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Ontario pharmacists: Generics pricing short-sighted
January 21st, 2013
TORONTO – Ontario pharmacists have given a thumbs-down to Canada's plan to hold down pricing for some common generic drugs.
The Ontario Pharmacists' Association said late Friday it's disappointed that, as part of a program by Canada's Council of Federation, Ontario will join other provinces in setting price points for six popular generic medications.
Under the plan, provinces and territories will pay 18% of the price of the equivalent brand-name drugs for atorvastatin, ramipril, venlafaxine, amlodipine, omeprazole and rabeprazole, starting April 1. They currently pay 25% to 40% of the branded prices.
Although the program's economic impact on community pharmacies remains uncertain at this time, the Ontario Pharmacists' Association noted that without reinvestment of the savings into more pharmacy-based services, pharmacist patient care may be negatively affected.
"We were surprised by [the Jan. 18] announcement, as the continued erosion of pharmacy revenues seriously affects pharmacists' ability to provide the health care services allowed under our newly expanded scope of practice, for which we receive no incremental compensation," Billy Cheung, chairman of the Ontario Pharmacists' Association, said in a statement. "While we recognize that patients will benefit from lower generic drug prices, Ontario already has the lowest prices in Canada, and just last April our pharmacists were asked to accept lower prices to help pay for some of the 2012 budget commitments."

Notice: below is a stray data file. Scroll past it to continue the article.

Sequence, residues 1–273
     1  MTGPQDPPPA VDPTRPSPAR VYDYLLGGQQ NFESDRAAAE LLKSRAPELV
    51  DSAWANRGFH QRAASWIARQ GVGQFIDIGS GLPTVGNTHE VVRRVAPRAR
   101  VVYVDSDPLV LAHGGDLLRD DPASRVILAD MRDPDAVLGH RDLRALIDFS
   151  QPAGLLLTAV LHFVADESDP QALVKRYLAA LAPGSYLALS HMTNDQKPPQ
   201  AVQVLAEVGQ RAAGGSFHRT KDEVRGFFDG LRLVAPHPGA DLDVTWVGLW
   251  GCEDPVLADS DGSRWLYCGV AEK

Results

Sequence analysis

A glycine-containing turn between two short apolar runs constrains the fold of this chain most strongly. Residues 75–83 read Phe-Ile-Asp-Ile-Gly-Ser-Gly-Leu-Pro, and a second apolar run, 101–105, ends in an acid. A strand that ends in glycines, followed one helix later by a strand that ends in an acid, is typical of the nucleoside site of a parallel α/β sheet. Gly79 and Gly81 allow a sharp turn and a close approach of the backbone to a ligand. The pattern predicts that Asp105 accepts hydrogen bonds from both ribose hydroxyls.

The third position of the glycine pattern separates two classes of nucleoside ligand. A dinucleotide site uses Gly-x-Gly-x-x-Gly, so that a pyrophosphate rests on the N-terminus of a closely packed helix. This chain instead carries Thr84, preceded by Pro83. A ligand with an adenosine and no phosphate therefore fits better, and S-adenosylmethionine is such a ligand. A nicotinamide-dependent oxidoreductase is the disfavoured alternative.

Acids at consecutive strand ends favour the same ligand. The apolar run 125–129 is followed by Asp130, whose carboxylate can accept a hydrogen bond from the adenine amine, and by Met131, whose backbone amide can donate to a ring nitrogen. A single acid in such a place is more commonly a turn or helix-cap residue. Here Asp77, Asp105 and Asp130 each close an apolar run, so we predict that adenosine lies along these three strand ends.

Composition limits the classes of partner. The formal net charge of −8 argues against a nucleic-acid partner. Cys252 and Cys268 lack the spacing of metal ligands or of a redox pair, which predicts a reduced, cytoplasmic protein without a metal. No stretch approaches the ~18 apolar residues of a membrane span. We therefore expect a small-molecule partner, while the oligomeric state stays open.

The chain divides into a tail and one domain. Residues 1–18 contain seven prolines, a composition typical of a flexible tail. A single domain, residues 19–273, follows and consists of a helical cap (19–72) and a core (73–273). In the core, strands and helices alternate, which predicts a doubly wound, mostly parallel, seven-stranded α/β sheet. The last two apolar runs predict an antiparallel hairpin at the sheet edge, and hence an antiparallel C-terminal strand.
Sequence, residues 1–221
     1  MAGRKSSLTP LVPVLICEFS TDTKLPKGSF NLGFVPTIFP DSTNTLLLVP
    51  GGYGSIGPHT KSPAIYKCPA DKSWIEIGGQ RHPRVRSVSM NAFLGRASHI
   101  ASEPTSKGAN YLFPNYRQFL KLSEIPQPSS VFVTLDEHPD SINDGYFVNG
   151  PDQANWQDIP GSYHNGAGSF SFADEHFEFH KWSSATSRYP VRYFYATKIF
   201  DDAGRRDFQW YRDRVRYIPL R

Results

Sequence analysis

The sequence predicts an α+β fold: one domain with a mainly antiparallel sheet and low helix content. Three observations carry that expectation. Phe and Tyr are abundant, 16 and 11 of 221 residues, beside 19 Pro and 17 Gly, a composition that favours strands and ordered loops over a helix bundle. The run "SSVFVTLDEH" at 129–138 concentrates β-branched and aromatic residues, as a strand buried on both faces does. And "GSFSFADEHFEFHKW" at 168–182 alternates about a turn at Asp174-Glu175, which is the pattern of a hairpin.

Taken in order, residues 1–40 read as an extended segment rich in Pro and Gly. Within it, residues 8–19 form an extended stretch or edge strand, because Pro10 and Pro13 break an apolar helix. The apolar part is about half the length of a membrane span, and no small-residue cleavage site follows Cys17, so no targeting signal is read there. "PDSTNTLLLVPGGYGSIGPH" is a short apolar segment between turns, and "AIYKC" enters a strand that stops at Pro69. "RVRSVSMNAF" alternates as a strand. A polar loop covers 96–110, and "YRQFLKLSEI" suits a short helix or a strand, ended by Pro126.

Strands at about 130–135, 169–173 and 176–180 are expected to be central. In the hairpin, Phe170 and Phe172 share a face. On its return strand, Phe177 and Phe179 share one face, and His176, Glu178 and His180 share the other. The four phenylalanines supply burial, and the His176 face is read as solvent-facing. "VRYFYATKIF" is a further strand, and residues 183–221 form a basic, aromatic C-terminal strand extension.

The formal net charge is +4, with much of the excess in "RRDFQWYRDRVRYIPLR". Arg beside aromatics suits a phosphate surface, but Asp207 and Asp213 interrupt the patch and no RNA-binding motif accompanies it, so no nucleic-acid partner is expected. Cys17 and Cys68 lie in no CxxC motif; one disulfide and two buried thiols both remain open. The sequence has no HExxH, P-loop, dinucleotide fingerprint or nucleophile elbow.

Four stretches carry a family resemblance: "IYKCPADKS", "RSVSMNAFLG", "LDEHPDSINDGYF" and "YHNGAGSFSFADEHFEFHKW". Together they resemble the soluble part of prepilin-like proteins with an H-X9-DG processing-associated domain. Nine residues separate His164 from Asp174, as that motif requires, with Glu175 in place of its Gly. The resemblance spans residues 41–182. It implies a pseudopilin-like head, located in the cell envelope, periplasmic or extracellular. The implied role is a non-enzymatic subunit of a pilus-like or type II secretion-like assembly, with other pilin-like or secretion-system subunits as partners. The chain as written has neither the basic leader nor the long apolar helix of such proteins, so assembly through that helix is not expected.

In April 2012, budget moves by Ontario Premier Dalton McGuinty included a proposal to pare the cost of the top 10 generic drugs to 20% of the price of the branded equivalent. And earlier, in 2010, Ontario slashed the cost of generic drugs paid for by the Ontario Drug Benefit and Trillium Drug Benefit plans to 25% of the cost of the branded product, down from 50% of the branded price.
"By continuing to reduce the price of generic drugs, the primary revenue source for most pharmacists is diminished, leaving pharmacists little time to focus on providing valuable front-line care to people in their community," stated Dennis Darby, chief executive officer of the Ontario Pharmacists' Association.
Under regulations approved last fall, Ontario pharmacists were permitted to provide such new services as adapting and renewing existing prescriptions; prescribing certain drugs to help people quit smoking; administering specific substances to a patient for the purpose of education and demonstration; piercing the skin to support patient self-care and monitoring of a chronic disease; and giving a flu shot to a person age 5 and older.
However, the association noted Friday that because most of the new professional services were implemented without additional compensation for pharmacists, community pharmacies must continue to rely in part on the dispensing of medications to sustain their practices.
"These services help take pressure off of other parts of the health care system, keep patients out of acute care, increase medication adherence and improve overall health outcomes," Darby added. "We would prefer to focus our efforts on being fairly compensated for the work pharmacists do to help patients and save money for the health care system. We will continue to collaborate with the government and other stakeholders to ensure pharmacists are fairly compensated for the health care they provide patients, in line with pharmacists in other provinces."